Let salsa sit 20 minutes for flavors to marry. Serve same day.

 Makes 8 (1/4 cup) servings.

 Per serving: 36 calories, 0 g total fat (0 g saturated fat), 9 g carbohydrate, 0 g protein, 1.5 g dietary fiber, 2 mg sodium


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Lunch Time Nutrition

Carrot Soup with Orange and Ginger

            Carrot Orange Ginger

Wild carrots have been around for millennia, but the cultivated variety is believed to have originated in Afghanistan around the 9th century. By the 1100s carrots had spread to Spain through the Middle East and North Africa. Today they are available year round in grocery stores. When buying, look for plump, firm carrots without cracks.

Try to use fresh ginger because it has a mellow, full-bodied taste, whereas ground ginger is spicier. Buy ginger tubers that are smooth, heavy and firm with a spicy fragrance. Also, while you can use store bought orange juice, the soup is tastier if you prepare fresh orange juice for the recipe. And a bit of fresh lemon juice balances the sweetness of the carrots and orange. Beta-carotene from carrots, vitamin C from orange juice and orange zest and gingerol from ginger – all provide beneficial antioxidant properties. Sprinkle soup with roasted pumpkin seeds or add crunch with a few whole-grain croutons.

  •        1 Tbsp. extra virgin olive oil
  •        4 cups chopped carrots, peeled, cut into 1/2-inch pieces
  •        1 cup chopped yellow onions
  •        2 cloves garlic, minced
  •        3 cups low-sodium chicken broth (vegetable stock or broth may be substituted)
  •        4 large strips orange zest
  •        1 tsp. finely minced fresh ginger
  •        ½ cup orange juice
  •        1 Tbsp. fresh lemon juice, optional
  •        Salt and ground black pepper to taste
  •        ¼ cup chopped chives (dill may be substituted)

In large pot, heat oil over medium-high heat and add carrots and onions. Sauté about 7-8 minutes. Add garlic and sauté additional 2 minutes.

Add broth and orange zest strips. Cover and bring to a boil. Reduce heat, uncover and simmer until carrots are tender, about 10-12 minutes. Let mixture cool for several minutes. Discard orange zest strips.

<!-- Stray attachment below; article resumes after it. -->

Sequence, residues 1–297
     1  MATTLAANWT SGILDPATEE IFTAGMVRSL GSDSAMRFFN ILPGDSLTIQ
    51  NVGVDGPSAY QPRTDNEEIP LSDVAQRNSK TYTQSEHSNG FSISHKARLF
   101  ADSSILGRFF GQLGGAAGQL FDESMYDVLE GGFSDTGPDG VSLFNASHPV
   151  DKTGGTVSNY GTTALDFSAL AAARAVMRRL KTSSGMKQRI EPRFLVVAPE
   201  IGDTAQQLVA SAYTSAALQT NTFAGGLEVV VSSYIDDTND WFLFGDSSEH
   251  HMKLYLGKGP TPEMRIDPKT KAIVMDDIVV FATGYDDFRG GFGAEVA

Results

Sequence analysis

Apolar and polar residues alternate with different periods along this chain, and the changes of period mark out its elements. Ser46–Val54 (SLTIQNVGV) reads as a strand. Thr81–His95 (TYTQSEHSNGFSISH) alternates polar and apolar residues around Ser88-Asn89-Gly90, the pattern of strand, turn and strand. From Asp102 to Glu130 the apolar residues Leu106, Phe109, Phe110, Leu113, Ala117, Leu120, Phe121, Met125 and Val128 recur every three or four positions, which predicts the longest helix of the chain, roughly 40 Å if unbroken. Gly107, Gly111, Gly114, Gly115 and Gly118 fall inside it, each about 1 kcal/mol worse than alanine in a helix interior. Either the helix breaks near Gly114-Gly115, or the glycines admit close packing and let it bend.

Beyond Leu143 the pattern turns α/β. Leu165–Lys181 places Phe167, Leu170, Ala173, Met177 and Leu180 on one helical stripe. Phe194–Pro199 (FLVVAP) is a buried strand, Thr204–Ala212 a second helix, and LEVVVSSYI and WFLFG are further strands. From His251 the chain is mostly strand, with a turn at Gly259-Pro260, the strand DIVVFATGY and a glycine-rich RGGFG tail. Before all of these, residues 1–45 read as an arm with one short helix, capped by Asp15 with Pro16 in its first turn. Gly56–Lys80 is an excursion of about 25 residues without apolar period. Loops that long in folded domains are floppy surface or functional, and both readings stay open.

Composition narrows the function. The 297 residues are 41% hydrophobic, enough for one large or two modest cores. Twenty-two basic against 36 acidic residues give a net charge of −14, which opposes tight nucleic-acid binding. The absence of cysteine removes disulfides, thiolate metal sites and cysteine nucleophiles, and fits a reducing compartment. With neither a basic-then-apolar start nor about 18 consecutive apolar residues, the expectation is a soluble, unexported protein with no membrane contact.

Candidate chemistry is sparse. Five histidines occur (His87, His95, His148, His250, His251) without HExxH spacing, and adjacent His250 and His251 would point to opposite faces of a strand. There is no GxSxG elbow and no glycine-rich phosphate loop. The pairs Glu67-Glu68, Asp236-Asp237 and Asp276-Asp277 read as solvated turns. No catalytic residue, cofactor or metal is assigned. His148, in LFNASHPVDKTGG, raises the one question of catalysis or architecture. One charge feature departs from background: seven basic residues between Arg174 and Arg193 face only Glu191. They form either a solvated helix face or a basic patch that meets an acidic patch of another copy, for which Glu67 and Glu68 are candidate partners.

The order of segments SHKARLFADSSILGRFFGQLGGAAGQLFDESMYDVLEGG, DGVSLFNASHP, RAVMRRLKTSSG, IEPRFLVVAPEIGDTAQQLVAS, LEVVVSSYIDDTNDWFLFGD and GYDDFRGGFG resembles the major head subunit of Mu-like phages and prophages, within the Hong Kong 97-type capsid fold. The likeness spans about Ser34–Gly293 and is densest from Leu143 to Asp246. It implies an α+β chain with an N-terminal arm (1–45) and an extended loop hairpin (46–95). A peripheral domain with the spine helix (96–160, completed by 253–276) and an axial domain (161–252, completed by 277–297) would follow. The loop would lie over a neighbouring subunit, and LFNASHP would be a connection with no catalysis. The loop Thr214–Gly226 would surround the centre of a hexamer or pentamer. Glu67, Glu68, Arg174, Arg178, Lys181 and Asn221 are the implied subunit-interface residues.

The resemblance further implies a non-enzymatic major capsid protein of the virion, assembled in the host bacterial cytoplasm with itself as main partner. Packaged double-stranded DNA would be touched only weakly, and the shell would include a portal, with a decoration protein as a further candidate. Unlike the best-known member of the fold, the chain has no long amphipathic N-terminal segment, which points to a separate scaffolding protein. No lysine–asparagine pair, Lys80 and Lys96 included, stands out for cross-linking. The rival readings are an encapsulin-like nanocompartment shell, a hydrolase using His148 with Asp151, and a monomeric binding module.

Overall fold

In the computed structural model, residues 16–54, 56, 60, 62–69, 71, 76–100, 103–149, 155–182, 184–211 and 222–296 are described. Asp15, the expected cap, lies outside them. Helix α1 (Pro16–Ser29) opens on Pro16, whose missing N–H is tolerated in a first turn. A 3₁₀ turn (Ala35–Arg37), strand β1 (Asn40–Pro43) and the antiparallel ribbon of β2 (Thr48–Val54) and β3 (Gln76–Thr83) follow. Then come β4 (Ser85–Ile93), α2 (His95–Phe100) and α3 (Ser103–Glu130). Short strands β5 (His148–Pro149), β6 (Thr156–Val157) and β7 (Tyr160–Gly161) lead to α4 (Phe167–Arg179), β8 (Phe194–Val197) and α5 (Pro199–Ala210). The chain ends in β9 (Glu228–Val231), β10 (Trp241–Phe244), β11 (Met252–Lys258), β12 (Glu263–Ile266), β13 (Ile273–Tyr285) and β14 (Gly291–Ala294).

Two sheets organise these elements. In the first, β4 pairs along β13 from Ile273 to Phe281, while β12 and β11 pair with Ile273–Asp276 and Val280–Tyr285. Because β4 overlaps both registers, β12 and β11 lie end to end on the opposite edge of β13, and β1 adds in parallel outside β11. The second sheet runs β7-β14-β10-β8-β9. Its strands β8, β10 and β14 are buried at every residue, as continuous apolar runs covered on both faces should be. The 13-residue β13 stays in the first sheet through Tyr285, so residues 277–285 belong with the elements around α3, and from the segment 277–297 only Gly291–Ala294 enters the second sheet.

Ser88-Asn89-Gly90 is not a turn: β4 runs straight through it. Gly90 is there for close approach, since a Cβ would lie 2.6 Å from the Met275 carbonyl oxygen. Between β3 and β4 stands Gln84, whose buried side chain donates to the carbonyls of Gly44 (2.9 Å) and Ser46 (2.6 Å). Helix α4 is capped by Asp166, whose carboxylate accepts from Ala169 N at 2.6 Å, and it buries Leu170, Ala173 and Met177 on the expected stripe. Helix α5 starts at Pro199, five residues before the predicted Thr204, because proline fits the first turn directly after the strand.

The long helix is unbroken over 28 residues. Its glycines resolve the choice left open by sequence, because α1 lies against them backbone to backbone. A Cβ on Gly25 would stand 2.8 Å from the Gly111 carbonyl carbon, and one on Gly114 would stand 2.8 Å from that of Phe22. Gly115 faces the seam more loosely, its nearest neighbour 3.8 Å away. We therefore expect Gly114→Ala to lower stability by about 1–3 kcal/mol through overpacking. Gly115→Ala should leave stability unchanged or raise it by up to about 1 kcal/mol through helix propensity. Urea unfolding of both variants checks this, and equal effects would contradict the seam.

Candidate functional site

Working in batches, in food processor or blender purée mixture until velvety smooth. Return soup to pot. Stir in ginger and orange and lemon juices. Season with salt and pepper to taste. Over low heat, let soup simmer for 5 minutes for flavors to mingle. Garnish with chives and serve.

Makes 4 servings. Per serving: 150 calories, 5 g total fat (1 g saturated fat), 23 g carbohydrate, 6 g protein, 4 g dietary fiber, 140 mg sodium.

carrot-ginger-soup

Sweet Roasted Root Veggies roasted-root-veg

This warm one-pot meal is full of hearty root vegetables like sweet potatoes, carrots and beets that pack fiber and cancer-fighting carotenoids. Roasting gives them a slightly sweeter flavor that pairs nicely with a tangy dressing.

Roasted Root Vegetable Salad

  • 1 small sweet potato, about 8-oz, cut into 3/4-inch cubes
  • 1 medium potato, cut into 3/4-inch cubes (peeled parsnip may be substituted)
  • 1 medium carrot, peeled, cut into 3/4-inch slices
  • 1 small red onion, cut into 1/2-inch wedges
  • 2 medium celery stalks, 3/4-inch slices
  • 1 medium beet, peeled, cut into 3/4-inch cubes
  • 1½ Tbsp. extra virgin olive oil, divided
  • Sea salt and freshly ground pepper to taste
  • 1 tsp. balsamic vinegar
  • 2 tsp. fresh lemon juice
  • 1/2 tsp. Dijon mustard
  • 1 Tbsp. fresh parsley, chopped
  • 1 tsp. cilantro, chopped
  • 2 Tbsp. walnuts, finely chopped
  • 1 oz. crumbled feta cheese

Preheat oven to 425 degrees. In large bowl toss potatoes, carrot, onion, celery and beet with 1/2 tablespoon oil, coating well. Arrange vegetables in a roasting pan. Season with salt and pepper. Roast, stirring several times, until tender and beginning to brown, about 50 minutes.

In mixing bowl, whisk vinegar, lemon juice and Dijon with remaining oil and stir in parsley, cilantro and walnuts. Drizzle dressing over vegetables and gently toss. Top with crumbled feta. Serve warm or at room temperature. 

Makes 4 servings.

Per 3/4 cup serving: 156 calories, 9 g total fat (2 g saturated fat), 17 g carbohydrate, 3 protein, 3 g dietary fiber, 134 mg sodium.